Dirk Hartog Island is a spectacular island off the coast of Shark Bay in Western Australia which is best known as the site where Hartog himself erected an inscribed pewter plate in 1616.
Why every account of Dirk Hartog mentions the plate is made of pewter is a mystery. No one ever feels the need to mention what Neil Armstrong’s flag pole was made from, but somehow omitting “pewter” from the description of Dirk’s dining ware is a no no.
Anyway, our interest in Dirk Hartog Island (DHI) is not it’s history, but its opportunity for adventure!
The island is about 80 kilometres long and forms the western most barrier of Shark Bay. The inner “harbour” is placid, and absolutely teeming with marine life including approximately 10,000 dugongs!
The western shore is something else entirely.
With some of the tallest sea cliffs in Australia, the west coast of DHI is a wild place, where nature is in complete control. Huge swells incessantly smash the sandstone forming sea caves, blowholes and a constant cacophony.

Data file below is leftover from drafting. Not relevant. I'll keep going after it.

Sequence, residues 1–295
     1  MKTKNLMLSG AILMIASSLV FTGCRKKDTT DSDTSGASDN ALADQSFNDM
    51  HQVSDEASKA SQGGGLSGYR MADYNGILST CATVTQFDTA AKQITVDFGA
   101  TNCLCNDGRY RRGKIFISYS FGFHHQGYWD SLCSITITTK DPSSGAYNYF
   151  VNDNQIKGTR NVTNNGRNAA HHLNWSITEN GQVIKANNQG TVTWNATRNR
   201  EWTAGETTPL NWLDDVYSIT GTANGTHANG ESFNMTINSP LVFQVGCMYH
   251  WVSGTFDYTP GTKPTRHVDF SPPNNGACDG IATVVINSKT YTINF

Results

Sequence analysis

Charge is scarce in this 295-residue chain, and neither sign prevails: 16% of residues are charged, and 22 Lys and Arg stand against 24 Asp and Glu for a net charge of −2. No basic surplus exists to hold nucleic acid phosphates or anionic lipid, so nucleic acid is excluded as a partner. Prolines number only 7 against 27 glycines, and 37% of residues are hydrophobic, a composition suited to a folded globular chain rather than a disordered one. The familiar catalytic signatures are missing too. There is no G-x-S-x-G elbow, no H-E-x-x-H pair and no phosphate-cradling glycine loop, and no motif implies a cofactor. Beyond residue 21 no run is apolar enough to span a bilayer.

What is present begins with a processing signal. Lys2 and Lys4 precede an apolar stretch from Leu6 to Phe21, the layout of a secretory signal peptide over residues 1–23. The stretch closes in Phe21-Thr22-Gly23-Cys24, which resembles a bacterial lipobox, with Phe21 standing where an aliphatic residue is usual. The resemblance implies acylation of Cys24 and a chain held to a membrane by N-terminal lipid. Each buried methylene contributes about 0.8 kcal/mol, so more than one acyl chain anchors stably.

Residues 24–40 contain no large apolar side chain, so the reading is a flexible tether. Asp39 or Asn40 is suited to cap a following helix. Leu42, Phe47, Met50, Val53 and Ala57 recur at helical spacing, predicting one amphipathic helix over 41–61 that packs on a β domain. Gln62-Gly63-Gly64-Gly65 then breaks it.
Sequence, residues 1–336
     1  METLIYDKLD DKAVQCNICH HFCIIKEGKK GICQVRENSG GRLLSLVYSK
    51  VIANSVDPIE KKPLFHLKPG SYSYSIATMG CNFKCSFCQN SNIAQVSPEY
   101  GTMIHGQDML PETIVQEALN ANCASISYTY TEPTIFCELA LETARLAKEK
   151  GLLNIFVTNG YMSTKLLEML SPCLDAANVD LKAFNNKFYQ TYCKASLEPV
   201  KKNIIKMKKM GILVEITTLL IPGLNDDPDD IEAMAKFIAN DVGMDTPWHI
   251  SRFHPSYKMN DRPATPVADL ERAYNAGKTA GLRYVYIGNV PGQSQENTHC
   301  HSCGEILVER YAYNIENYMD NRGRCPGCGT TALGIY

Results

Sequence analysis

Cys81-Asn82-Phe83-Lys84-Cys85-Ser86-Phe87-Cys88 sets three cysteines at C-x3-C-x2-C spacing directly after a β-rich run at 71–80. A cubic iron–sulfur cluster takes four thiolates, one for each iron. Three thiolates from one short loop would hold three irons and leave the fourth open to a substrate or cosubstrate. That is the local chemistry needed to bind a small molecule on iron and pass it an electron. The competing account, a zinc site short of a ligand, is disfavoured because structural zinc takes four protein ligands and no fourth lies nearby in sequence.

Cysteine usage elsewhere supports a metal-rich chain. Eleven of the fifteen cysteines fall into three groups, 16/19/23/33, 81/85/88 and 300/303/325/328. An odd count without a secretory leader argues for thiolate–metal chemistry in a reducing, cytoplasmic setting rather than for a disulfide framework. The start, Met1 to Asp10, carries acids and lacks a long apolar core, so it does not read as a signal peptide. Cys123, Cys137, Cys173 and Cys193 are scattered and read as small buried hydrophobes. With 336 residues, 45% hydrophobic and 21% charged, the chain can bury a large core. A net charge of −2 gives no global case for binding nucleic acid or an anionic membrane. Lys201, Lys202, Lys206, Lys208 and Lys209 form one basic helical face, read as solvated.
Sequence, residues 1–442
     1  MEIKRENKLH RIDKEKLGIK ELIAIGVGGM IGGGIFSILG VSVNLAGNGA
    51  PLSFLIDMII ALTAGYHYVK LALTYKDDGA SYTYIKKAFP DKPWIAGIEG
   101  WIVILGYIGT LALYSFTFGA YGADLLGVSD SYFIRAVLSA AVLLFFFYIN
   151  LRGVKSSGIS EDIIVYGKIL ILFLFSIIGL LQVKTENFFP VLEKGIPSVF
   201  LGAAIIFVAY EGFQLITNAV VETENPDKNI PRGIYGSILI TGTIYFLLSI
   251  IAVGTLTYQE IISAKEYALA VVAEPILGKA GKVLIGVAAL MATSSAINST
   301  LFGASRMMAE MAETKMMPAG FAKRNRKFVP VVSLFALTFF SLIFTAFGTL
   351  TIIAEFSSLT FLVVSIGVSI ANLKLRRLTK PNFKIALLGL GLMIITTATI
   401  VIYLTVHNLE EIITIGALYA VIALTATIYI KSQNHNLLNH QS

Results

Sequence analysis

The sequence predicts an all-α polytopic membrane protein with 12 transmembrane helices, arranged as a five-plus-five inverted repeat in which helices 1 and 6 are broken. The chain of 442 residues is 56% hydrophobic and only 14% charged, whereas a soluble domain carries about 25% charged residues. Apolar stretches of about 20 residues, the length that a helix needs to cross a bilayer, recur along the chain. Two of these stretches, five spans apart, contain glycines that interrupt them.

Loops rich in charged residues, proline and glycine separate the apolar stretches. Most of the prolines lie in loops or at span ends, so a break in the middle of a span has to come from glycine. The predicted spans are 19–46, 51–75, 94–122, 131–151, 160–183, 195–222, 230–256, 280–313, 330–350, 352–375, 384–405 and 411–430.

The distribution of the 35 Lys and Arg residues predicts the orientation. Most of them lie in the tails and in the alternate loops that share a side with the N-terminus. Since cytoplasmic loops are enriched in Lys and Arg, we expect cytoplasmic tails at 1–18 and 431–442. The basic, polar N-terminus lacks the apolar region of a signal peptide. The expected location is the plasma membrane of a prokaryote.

Walking along these sea cliffs is one of the most exhilarating walks in Australia. While there is no official walking track, the walking is surprisingly easy underfoot, which makes whale spotting (in season) much easier, as there is no need to be constantly looking at your feet.
The blow holes between herald heights and surf point are another fine display of the raw energy of this place. We’ve been told that on a really big day, one can see the sea spray from this blow hole from Denham, which is about 50 kilometres away! The sounds is of course deafening, so consider bringing ear plugs or a buff for this walk (we are serious, we found the sound of the wind in our ears was draining after a while).
Towards the southern end of the island, the sea cliffs peter out revealing some stunning bays. Here we saw small reef sharks swimming around in the shallows, and more sea birds.
Walking the western coast of Dirk Hartog Island is a raw, energising and humbling experience. Much of the island was heavily degraded as a station during the 20thcentury, but a lot of work has been done in recent years to rejuvenate it to its natural state. This is a place that will only get better and better in the coming years, and offers a great couple of days for the keen hiker.
Stay in the eco resort and be picked up/dropped off to the start/finish of the walks, or camp in one of the campsites, and be self-sufficient.
Or of course, come on one of our tours. You won’t be disappointed.